The criminal filing against King came one day after The Detroit News reported that King used a training center credit card to buy a $2,180 shotgun as a birthday present for UAW Vice President Norwood Jewell.
On Friday, Fiat Chrysler announced it had canceled a media event next week featuring Jewell and the automaker’s CEO Sergio Marchionne at the Belvidere Assembly Plant in Illinois.
FCA said the cancellation was due to scheduling issues.
The criminal filing Friday mentions the shotgun among more than $40,000 in personal purchases King is accused of making with training center credit cards from 2012 to 2015.
King bought items for herself and other senior UAW officials, prosecutors said. The purchases also included golf equipment, luggage, and concert and theme-park tickets — all of which were purchased with training center funds.
King’s lawyer declined comment Friday.
The News previously reported that King was told to buy the shotgun by Jewell’s top administrative assistant, Nancy Johnson, in August 2015, according to sources familiar with the investigation.
Johnson has not been charged with a crime. She declined to comment to The News.
Johnson was not named in the filing Friday, which described events surrounding the shotgun purchase. Instead, prosecutors refer to “UAW-4” as a senior labor official in the Chrysler department who told King to buy the shotgun in August 2015.
“Ask them for a really good one with (a) case,” “UAW-4” wrote in a text, according to prosecutors.
King bought the shotgun and charged the purchase to her training center credit card, prosecutors said.
“UAW-4” made more than $75,000 worth of purchases on a training center credit card from 2014 to 2016, according to the government.
The shopping spree included clothes, jewelry, luggage, meals and designer shoes.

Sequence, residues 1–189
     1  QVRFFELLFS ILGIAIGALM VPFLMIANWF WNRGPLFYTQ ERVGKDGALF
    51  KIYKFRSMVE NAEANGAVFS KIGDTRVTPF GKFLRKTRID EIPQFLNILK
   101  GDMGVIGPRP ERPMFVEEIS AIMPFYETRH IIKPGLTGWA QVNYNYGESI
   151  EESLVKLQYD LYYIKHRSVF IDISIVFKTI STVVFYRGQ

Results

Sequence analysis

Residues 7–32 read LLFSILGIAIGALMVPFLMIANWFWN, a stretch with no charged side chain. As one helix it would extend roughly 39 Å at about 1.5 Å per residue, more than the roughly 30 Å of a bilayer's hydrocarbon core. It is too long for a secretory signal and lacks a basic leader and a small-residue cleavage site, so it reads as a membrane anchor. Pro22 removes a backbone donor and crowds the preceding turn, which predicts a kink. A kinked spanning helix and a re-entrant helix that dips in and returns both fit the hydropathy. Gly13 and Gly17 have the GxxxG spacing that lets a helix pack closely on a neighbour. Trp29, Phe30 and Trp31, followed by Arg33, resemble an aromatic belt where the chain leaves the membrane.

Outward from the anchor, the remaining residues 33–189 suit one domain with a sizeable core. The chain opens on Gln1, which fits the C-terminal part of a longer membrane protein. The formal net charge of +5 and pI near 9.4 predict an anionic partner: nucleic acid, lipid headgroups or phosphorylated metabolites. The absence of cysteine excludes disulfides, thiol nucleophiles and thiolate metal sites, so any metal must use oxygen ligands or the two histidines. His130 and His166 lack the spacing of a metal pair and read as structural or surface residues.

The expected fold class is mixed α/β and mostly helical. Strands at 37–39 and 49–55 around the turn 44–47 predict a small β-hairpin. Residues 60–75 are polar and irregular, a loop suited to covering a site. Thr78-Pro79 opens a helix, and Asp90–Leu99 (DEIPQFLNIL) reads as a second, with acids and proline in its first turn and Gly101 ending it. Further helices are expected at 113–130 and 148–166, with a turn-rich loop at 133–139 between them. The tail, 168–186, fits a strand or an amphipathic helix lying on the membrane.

In March 2015, the month General Holiefield died, “UAW-4” used a training center credit card to buy Christian Louboutin shoes that cost more than $1,000. The stiletto pumps with blood-red soles are popular among celebrities and wealthy fashionistas.
“UAW-4” encouraged King to buy a pair, too. The same month, King swiped her training center card and spent more than $1,000 on her own pair, prosecutors said.
King, who was paid $128,930 in 2015, the year before she retired, was charged in a criminal “information,” which means a guilty plea is expected in coming days.
The News first reported that King was a potential target July 31 amid questions about her personal use of a training center credit card. King was part of the UAW-Chrysler bargaining teams in both 2011 and 2015 and she spent years on the training center’s board.
If convicted of crimes that could send them to federal prison for up to five years, Iacobelli and Morgan-Holiefield risk losing their homes to the government. A trial date for the two has been scheduled for Sept. 25.
Former Fiat Chrysler financial analyst Jerome Durden, 61, of Rochester Hills, struck a plea deal last week and is expected to cooperate with prosecutors.
Staff Writer Melissa Burden contributed.